5 reasons why you should participate in college student internships Although attending college is crucial, the reality is that nothing makes you more desirable than experience. In high school, you probably had the idea rammed down your neck.
Consider this: Whom would you rather have working for you—someone with a 4.0 in school but no prior experience—someone with years of expertise and a good reputation?
It’s likely that you’d pick the applicant who had prior experience working in the industry.
Internships for college students are crucial because they give you the hands-on experience you need to not only learn about the business, but also to determine whether this is the appropriate job for you (more on both of these in a minute).
I understand that you value your time and may not feel like you have time for yet another activity, but I assure you that it will be worthwhile in the long run.
Here are my top 5 reasons why you should participate in internships as a college student, however there are many more.
1. They instruct you on how to prioritize. Although including a second activity in your calendar may seem difficult, doing so actually improves your ability to prioritize. Due to the fact that you have less time to fidget and idle, it may even increase your productivity and decrease your tendency to delay.
There are many internships for college students available both the academic year and summer, so there’s a good chance you can find one that works with your schedule. The choice to continue with summer internships is entirely yours, but bear in mind that you’ll likely be required to put in longer hours and face stiffer competition given how popular summer internships are.
2. Internships with college students expose you to the “real” side of your major. There are just some things you can’t learn unless you immerse yourself in the subject. Reading written material, reading through case studies, and knowing the rules in your chosen major are all good and wonderful.
Internships for college students expose you to the realities of your field of study.
I’m referring to experiencing both the positive and negative aspects of what it’s like to really work in that area. You can discover that while you detest some aspects of your job, you appreciate others. If you didn’t take part in the internship, you probably wouldn’t learn about this else!
3. They assist you in networking and building your database of professional connections. Employee referrals frequently receive more interviews than outside applicants. Why? because a person who has previously been employed by the company is endorsing you. This immediately improves your reputation (and often at the top of the resume pile).
This is why networking and developing business relationships while you are still in school are so crucial.
But in order to build those relationships, you’ll need to prove your worth and show that you’re serious.
While having fun while working is encouraged (since it will keep you sane), you should always arrive at your internship prepared to work hard, pick up new skills, and put the information you’ve learned in class to use.
Additionally, don’t be hesitant to approach coworkers and request a business card or a LinkedIn connection. Make an attempt to stay in touch with these people after you depart by calling them at least once every few months. When the time comes for you to start looking for a full-time job, you’ll have the “in” because you already have contacts in place.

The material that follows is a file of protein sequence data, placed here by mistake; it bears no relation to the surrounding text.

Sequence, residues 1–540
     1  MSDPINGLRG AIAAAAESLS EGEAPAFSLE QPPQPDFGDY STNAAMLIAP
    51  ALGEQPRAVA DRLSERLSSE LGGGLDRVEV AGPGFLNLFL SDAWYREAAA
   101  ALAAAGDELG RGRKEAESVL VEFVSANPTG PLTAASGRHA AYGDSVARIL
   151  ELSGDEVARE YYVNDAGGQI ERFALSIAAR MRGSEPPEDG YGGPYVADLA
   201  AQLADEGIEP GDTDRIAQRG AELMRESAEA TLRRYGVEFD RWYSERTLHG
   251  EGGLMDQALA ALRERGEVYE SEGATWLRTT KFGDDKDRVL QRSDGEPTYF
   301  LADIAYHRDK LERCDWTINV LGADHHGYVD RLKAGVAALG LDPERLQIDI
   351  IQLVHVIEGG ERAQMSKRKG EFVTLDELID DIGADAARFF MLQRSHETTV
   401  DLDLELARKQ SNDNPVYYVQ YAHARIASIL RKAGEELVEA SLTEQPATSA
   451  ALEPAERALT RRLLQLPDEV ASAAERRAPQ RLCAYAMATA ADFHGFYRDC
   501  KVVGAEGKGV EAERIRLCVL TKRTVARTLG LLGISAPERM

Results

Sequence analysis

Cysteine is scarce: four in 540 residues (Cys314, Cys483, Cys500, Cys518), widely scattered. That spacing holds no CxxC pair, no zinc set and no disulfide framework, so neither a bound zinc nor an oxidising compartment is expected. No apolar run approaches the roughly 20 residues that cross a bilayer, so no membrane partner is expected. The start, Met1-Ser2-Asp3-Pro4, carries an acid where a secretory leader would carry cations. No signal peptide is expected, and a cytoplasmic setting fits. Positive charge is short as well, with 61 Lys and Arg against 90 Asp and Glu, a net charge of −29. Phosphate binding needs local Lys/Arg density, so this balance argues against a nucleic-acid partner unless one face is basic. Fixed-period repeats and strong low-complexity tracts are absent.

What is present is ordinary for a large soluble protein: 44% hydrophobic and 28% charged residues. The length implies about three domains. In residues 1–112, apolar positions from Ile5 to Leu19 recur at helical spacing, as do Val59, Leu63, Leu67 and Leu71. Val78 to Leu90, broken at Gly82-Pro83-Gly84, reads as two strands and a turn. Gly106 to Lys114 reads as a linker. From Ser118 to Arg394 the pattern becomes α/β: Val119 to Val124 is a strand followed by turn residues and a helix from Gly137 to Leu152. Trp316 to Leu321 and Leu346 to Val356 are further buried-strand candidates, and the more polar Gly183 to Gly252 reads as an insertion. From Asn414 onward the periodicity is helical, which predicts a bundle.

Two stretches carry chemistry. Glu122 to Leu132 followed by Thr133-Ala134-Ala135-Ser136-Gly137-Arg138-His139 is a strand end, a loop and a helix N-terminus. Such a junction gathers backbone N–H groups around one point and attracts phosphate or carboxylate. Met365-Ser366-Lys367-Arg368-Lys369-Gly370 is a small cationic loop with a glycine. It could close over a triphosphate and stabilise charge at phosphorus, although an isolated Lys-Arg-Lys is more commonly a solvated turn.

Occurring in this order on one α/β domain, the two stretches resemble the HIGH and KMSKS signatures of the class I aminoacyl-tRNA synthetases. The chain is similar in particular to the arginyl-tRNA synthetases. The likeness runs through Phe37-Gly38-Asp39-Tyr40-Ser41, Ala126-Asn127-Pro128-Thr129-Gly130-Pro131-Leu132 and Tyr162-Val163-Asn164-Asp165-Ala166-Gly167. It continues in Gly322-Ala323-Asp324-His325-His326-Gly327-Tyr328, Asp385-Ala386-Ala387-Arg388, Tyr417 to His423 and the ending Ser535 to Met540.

4. The experience aids in determining whether or not this field is a good fit for you. Participating in internship programs for college students is one of the best ways to determine whether the career path you’ve chosen is the appropriate one for you.
Even while your major may appear fantastic on paper, really working on it is a whole other experience. What you anticipated would require more interaction with people can turn out to be more of a desk job.
Additionally, you might find that you prefer some aspects of the profession to others. Because majors like business and communication studies are so diverse, you can discover that you prefer to crunch numbers even if you don’t work in sales.
In light of this, you ought to make an effort to take part in at least two or three internships that expose you to various aspects of your area. The more work history you can provide to a potential employer, the better!
5. You will leave with practical skills and a revised resume. Your CV will seem much better if it includes internship experience! College grads who didn’t work or volunteer throughout their studies frequently fill the gap with noteworthy projects, talents, and academic accomplishments. Even though they are nice to have, nothing quite says “hire me” like actual work experience.
You might discover during your internship that you have good communication skills, a knack for using technology to study, or are an expert data cruncher. When it comes time to compose a cover letter and resume highlighting why you are a good fit for the position you are seeking for, learning and practicing these skills will help you sell yourself more effectively.
HOW TO BEGIN SEARCHING FOR THE BEST INTERNSHIP Nearly every institution provides a career center with a list of internships and part-time jobs for college students. Be sure to periodically check the list and apply to any positions that catch your attention!
There are a ton of sites to look online as well. To gain some direct links to websites that can assist you with your search, I suggest reading my piece, The Best Places to Find Internships for College Students.
Finally, don’t be hesitant to contact a business directly to inquire about potential internship positions.